The first person who brought home any accounts of French Africa, was Jannequin, a young man of some rank, who, as he was walking along the quay at Dieppe, saw a vessel bound for this unknown continent, and took a sudden fancy to embark and make the voyage. He was landed at a part of the Sahara, near Cane Blanco. He was struck in an extraordinary degree with the desolate aspect of the region. In ascending the river, however, he was delighted with the brilliant verdure of the banks, the majestic beauty of the trees, and the thick impenetrable underwood. The natives received him hospitably, and he was much struck by their strength and courage, decidedly surpassing similar qualities in Europeans. He saw a moorish chief, called the Kamalingo, who, mounting on horseback, and brandishing three javelins and a cutlass, engaged a lion in single combat, and vanquished that mighty king of the desert. Flat noses and thick lips, so remote from his own ideas of the beautiful, were considered on the Senegal, as forming the perfection of the human visage; nay, he even fancies that they were produced by artificial means. Of actual discovery, little transpired worthy of record in the travels of Jannequin, and his enthusiasm became soon daunted by the perils which at every step beset him.
Nearly seventy years had elapsed, and the spirit of African discovery had remained dormant, whilst in the mean time the remotest quarters of the globe had been reached by British enterprise; the vast region of Africa still remaining an unseemly blank in the map of the earth. To a great and maritime nation as England then was, and to the cause of the sciences in general, particularly that of geography, it was considered as highly discreditable, that no step should be taken to obtain a correct knowledge of the geographical situation of the interior of Africa, from which continual reports arrived of the existence of great commercial cities, and the advantages which the Arabs derived from their intercourse with them. For the purpose of promoting this great national undertaking, a small number of highly-spirited individuals formed themselves into what was termed the African Association, A sum of money was subscribed, and individuals were sought for, who were qualified to undertake such arduous and dangerous enterprises. Lord Rawdon, afterwards the Marquess of Hastings, Sir Joseph Banks, the Bishop of Llandaff, Mr. Beaufoy, and Mr. Stuart, were nominated managers.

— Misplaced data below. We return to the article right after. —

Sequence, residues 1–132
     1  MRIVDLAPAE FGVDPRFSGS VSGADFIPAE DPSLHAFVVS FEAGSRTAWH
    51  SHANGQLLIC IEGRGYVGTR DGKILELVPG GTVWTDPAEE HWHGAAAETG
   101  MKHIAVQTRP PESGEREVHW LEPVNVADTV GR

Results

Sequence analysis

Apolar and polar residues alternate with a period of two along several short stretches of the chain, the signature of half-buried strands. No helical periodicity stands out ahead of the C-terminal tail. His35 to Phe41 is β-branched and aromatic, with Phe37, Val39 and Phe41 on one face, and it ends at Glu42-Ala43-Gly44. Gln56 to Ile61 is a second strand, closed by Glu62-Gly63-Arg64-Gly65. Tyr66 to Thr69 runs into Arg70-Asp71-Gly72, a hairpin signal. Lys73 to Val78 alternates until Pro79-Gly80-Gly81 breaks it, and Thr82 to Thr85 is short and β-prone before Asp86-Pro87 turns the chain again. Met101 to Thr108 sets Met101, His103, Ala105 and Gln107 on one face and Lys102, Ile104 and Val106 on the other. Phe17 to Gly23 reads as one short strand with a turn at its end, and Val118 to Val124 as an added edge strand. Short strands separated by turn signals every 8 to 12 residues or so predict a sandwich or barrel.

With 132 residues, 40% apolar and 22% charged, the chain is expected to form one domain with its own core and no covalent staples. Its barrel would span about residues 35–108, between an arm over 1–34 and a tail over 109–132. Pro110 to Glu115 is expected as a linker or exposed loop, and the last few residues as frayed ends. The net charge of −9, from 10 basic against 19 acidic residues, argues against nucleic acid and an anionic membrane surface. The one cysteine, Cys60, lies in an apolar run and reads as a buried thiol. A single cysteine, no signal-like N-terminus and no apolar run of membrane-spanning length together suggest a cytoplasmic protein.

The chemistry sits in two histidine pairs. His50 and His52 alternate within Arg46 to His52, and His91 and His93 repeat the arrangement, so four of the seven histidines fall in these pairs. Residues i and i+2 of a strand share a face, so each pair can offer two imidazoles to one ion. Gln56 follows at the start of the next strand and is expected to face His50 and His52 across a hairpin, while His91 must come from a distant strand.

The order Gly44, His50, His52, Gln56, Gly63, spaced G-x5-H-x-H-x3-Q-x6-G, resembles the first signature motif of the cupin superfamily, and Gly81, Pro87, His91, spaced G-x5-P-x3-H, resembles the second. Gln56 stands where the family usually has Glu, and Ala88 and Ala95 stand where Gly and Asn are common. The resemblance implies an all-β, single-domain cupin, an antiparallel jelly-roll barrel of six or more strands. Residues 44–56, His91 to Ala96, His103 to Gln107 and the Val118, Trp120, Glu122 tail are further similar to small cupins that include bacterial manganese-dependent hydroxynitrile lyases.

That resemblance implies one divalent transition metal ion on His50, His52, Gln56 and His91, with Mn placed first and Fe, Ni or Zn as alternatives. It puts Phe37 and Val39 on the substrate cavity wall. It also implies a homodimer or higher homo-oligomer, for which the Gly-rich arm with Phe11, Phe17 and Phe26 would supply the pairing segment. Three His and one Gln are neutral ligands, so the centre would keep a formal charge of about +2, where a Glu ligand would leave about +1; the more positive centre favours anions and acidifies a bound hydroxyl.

The first adventurer was Mr. Ledyard, who, from his earliest age, had been a traveller from one extremity of the earth to the other. He had circumnavigated the globe with Capt. Cook, had resided for several years amongst the American indians, and had travelled with the most scanty means from Stockholm round the Gulf of Bothnia, and thence to the remotest parts of Asiatic Russia. On his return from his last journey, Sir Joseph Banks was then just looking out